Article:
the value of social Q&A

As someone who participates in many “social Q&A” sites and who runs one, I’m always interested in seeing people talking about them. I’m much more interested in this whole phenomenon than I am in Library 2.0 generally, even though I think they’re package and parcel of the same thing: computer-mediated and -assisted interaction between people who are geographically dispersed but share other common interests. As librarians we think about this a lot. Our patron base is becoming more dispersed even as our funding basis remains, in most cases, local.

First Monday has an article this month about these sites with some hard data, “Exploring characteristics and effects of user participation in online social Q&A sites” They use data from 55,000 Yahoo Answers questions (as an aside, Ask MetaFilter just reached its 100,000th question which was sort of exciting) and do a good survey of the existing literature. It’s an enjoyable read and really comes down to an elucidation of one of the first things I learned in library school: people ask their friends to help them with their information needs before they ask experts or professionals. Getting more granular about why this may be, and shifting the arena slightly to encompass the online world, this paper examines why.

Gazan (2006) divided questioners into Specialists and Synthesists. Specialists are more like knowledge experts who provide answers without referencing other sources, while Synthesists are the ones who do not claim any expertise and provide answers with references. Gazan (2007) identified two roles of answerers as Seekers and Sloths, depending on whether they have continuous conversation/interaction with other members after posting questions. Seekers demonstrate active engagement with the community and pursue communication regarding their questions. Sloths do not pursue further interaction with community members after receiving answers to their questions.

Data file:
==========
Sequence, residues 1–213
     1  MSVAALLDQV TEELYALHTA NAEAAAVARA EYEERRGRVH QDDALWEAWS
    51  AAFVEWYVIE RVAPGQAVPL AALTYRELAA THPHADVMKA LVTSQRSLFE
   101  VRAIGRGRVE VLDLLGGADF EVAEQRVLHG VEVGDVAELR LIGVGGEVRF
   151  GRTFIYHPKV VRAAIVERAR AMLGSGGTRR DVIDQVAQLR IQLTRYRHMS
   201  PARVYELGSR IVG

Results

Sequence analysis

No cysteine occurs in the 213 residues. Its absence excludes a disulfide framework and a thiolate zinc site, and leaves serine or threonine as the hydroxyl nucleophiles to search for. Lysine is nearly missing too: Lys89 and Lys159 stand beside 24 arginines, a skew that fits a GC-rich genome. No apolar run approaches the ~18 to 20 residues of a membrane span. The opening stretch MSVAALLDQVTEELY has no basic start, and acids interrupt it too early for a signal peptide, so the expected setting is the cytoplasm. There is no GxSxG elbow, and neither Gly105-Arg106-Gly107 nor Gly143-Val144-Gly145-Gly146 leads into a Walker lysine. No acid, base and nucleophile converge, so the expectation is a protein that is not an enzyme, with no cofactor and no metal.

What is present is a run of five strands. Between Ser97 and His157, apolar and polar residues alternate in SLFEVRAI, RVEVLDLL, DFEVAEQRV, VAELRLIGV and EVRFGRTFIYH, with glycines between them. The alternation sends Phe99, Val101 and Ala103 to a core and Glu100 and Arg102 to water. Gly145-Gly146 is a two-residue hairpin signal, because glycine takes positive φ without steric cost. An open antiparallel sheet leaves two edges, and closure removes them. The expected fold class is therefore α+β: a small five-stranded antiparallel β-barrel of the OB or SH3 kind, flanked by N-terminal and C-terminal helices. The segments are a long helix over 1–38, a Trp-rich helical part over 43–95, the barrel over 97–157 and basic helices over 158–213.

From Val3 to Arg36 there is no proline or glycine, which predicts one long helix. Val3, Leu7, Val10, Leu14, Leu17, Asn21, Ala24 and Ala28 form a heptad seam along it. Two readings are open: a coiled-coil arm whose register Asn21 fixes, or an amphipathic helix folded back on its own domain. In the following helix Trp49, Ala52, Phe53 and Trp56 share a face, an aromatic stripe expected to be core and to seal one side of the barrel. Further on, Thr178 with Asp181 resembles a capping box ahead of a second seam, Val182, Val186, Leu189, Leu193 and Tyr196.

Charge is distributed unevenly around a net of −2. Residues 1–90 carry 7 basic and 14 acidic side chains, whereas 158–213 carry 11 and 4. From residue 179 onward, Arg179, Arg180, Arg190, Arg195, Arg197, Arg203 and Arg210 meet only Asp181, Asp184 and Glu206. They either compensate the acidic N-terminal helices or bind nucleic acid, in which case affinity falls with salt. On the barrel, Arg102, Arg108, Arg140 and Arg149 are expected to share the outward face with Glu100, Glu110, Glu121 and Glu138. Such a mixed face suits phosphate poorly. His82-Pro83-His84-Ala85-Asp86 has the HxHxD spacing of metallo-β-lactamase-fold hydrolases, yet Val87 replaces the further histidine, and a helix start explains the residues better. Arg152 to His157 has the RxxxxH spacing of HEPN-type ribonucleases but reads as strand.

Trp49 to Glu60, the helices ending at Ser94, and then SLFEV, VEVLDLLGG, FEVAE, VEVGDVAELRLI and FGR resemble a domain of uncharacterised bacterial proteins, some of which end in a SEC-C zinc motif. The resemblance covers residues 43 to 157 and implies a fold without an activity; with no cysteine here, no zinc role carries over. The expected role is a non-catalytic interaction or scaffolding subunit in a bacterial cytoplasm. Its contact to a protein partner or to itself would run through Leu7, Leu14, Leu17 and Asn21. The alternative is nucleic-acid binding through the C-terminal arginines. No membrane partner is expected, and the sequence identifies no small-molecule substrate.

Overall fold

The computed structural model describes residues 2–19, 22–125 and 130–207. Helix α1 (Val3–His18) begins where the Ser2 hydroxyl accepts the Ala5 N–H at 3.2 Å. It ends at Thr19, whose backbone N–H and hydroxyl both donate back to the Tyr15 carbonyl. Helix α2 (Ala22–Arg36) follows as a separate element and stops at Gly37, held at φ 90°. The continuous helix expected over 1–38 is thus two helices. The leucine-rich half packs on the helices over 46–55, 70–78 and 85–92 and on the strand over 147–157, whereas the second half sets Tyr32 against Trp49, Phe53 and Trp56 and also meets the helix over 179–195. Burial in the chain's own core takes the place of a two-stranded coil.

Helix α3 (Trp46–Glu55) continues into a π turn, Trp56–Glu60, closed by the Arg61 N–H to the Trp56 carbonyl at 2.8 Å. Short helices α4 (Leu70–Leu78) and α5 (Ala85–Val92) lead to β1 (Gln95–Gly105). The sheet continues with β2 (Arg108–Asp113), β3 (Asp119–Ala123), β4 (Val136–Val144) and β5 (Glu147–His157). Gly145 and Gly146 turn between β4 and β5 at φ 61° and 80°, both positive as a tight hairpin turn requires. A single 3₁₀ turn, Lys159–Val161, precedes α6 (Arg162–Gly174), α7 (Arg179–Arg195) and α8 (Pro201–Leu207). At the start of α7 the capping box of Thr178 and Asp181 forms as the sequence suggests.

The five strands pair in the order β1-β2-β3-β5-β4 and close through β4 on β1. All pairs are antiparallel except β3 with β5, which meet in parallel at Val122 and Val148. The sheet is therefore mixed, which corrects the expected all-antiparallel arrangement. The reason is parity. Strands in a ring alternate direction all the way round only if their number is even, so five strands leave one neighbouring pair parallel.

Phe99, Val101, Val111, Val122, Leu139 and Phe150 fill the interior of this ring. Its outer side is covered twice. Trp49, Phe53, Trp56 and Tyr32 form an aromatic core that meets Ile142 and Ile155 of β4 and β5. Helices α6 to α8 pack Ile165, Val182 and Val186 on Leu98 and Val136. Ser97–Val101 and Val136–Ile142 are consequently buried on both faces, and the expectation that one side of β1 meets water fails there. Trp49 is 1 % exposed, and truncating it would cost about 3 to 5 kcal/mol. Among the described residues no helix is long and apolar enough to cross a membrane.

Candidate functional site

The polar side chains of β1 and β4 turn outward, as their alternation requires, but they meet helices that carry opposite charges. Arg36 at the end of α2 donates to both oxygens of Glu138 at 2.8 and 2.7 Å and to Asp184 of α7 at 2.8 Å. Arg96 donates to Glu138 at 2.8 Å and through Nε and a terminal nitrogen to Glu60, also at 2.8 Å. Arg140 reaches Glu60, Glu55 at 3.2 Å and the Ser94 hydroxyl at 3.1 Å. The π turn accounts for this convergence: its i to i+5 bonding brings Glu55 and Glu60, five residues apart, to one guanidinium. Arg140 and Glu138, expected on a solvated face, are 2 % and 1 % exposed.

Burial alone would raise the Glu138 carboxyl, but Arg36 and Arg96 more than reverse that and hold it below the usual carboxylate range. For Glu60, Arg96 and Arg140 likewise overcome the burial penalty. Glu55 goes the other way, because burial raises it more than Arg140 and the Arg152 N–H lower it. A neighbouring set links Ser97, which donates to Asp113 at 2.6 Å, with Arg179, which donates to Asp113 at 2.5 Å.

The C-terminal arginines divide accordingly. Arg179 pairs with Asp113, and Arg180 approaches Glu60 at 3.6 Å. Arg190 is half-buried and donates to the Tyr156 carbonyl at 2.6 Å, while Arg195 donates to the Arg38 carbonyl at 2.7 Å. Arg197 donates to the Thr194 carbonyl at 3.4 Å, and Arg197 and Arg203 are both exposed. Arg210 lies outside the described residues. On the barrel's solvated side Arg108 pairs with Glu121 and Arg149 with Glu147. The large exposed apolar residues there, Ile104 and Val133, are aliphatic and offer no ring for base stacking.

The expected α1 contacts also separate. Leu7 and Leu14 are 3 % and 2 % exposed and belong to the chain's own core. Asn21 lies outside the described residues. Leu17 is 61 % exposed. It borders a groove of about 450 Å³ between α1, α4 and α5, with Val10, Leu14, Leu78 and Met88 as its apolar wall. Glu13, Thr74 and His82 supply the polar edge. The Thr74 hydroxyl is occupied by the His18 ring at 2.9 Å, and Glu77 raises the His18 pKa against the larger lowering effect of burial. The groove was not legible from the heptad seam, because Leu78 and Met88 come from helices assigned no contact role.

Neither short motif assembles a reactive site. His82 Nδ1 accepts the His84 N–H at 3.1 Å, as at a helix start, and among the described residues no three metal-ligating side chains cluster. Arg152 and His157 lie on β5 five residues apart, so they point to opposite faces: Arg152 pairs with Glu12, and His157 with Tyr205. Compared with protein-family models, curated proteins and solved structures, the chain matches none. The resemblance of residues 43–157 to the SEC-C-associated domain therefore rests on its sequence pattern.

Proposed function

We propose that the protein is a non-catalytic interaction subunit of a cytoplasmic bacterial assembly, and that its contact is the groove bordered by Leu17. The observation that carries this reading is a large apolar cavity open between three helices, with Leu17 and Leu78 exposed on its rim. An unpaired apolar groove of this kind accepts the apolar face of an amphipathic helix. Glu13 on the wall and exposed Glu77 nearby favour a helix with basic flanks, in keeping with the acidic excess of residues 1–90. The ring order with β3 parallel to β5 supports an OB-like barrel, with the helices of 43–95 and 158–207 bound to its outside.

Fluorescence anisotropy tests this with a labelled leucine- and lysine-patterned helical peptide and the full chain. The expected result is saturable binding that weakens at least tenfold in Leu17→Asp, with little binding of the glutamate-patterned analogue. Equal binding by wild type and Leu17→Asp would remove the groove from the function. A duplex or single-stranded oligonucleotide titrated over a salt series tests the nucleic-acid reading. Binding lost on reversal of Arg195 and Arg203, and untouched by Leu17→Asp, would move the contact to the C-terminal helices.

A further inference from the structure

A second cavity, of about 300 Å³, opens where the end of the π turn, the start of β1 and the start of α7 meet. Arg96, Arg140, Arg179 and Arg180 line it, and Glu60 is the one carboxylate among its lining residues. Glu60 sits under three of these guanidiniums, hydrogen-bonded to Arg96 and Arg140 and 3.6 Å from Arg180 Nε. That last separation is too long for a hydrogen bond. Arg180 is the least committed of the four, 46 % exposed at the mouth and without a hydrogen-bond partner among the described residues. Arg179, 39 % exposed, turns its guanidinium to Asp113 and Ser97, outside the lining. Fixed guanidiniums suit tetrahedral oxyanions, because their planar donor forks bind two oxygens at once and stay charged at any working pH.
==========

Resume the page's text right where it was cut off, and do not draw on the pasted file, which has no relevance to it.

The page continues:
The article also looks into the Google Answers model for some insight into why it failed while Yahoo Answers succeeded.

Overall, it appears that Yahoo! Answers has developed a responsive community in which users voluntarily participate as both consumers and contributors. In comparison, Google Answers featured many one–time consumers and a small number of contributors who could only cover one–third of questions. Based on these observations, we suppose that Google’s approach of controlling the quality of answers, by not allowing users other than pre–approved ‘researchers’ to answer queries, led to a failure of the service. Yahoo! Answers’ open participatory model, on the other hand, appears to be successful, with a strong community in place.

Meanwhile, remember ChaCha? Apparently it’s not doing so well.

a librarian’s worst nightmare?

I don’t know about you, but my worst nightmare is more along the lines of someone vomiting (or worse!) in the overnight book drop, but Slate has an article about Yahoo Answers and how librarians hate it. Of course the writer doesn’t seem to have talked to any librarians, he just likes to rail against the wisdom of crowds — with some valid points, certainly — and make fun of stupid answers on YA which is of coruse the opposite of what any decent librarian would do. There is a lively back and forth in the disucssion section which is hard to follow and hard to find but if the topic is as near and dear to your heart as it is to mine, I suggest you dig it out. I commented. [thanks alexandra]

Flickr/Yahoo & Library collaboration

Coming on the heels of the recent news about Google’s foray into international government entanglement, here’s some encouraging news perhaps. Flickr is working with the National Library of Australia to “build a image bank with over a million images to be managed by the National Library of Australia.” This seems to not be an archival process but a way for the library to use what Flickr does best, upload, store and allow tagging and categorization of lots of digial images, combined with the mission and purpose of the library. I’m not sure how the library is managing these photos, but it will be fun to see contemporary photos in the PictureAustralia database. I saw a demo of this project when I was in Australia last year, it’s a pretty great resource. [thanks mom]